I’ve been spending lots of time recently researching shapes to use for rudders and leeboards. While I never used to think this was a big deal, I found out differently when testing the first boat I made. I had two excellent Sabot sailors out testing with the new boat and a Brian Thomas (Corsair). The results showed a bit of an advantage to the BT upwind. “Ugh!”, I thought, “what did I do wrong?” Then I said, “Let’s swap leeboards.” Well, that made all the difference. Suddenly my new boat was beating the BT upwind.
I realize you can spend lots of money on new blades, and to be honest, some are really a work of art. It would take me a long time to get to produce the same quality of finished product as some of these (See Gresham Boards), but I decided to experiment on shape. I phoned a couple of marine architects who have spent plenty of time sailing and thinking about the Sabot and they agreed that a “4 digit NACA” design would be my best bet. You can google this and find lots of background if you’d like to read more but basically it is a symmetrical aerodynamic shape (verses what you’d see on a wing where the top has more curve than the bottom to induce lift – not good for a boat that tacks!) So, I built some templates and have been having good success re-shaping wood boards; they don’t look as pretty as the “pro” versions but they do cost me less.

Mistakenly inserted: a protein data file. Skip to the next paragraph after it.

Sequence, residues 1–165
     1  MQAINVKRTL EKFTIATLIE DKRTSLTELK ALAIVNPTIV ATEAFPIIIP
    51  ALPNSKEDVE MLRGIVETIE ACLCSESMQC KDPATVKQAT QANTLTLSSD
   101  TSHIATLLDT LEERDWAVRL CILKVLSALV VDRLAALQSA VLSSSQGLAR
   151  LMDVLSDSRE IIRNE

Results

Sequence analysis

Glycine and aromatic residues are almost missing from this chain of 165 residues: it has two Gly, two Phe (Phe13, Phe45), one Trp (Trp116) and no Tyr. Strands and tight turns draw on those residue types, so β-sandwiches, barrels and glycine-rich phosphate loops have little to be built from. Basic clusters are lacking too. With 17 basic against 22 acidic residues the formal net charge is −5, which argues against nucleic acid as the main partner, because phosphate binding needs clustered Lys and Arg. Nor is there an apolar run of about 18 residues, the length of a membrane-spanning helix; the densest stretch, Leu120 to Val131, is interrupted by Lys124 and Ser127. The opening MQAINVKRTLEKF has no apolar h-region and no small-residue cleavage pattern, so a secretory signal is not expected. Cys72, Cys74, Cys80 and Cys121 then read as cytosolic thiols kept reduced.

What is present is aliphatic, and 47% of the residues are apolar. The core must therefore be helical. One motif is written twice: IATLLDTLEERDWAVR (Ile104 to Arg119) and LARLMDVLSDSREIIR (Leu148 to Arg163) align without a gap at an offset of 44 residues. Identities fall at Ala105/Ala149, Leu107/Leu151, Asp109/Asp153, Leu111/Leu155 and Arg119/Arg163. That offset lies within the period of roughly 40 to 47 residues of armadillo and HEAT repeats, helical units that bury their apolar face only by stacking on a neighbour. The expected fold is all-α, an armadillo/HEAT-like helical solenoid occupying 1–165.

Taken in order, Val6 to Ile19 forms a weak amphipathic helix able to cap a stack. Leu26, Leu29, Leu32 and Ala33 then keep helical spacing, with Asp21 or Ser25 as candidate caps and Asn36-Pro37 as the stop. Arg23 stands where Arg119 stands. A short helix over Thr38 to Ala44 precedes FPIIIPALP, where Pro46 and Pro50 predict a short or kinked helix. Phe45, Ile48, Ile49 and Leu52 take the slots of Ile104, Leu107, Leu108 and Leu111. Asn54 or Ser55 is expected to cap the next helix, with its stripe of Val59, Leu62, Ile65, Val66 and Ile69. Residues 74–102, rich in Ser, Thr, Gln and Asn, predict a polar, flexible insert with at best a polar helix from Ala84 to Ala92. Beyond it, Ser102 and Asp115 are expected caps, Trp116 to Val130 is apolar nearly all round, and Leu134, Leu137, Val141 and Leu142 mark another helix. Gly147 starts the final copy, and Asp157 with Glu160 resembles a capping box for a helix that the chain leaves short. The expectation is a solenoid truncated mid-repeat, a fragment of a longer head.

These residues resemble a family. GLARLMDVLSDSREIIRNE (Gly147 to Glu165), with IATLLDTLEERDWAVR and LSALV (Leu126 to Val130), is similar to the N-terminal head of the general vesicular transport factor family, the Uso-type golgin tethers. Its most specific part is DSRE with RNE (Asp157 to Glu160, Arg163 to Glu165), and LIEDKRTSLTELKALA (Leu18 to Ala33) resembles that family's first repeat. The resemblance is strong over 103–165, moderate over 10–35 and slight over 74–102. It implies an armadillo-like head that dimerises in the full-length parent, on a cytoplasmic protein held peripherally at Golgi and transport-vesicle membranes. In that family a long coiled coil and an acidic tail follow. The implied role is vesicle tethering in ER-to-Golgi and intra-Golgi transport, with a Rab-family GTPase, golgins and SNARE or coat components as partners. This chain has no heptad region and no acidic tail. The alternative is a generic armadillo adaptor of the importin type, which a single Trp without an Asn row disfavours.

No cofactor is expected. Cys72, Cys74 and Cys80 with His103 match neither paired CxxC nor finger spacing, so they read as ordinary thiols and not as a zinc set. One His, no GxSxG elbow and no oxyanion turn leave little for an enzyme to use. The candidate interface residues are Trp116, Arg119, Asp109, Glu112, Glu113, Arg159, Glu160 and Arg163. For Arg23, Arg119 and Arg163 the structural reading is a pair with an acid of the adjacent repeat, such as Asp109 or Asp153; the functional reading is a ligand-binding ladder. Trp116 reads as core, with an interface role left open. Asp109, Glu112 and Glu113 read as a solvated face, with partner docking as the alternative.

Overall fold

Next time you get out tuning your Sabot, try swapping leeboards / rudders with your buddy and see if it helps (or hurts) your performance.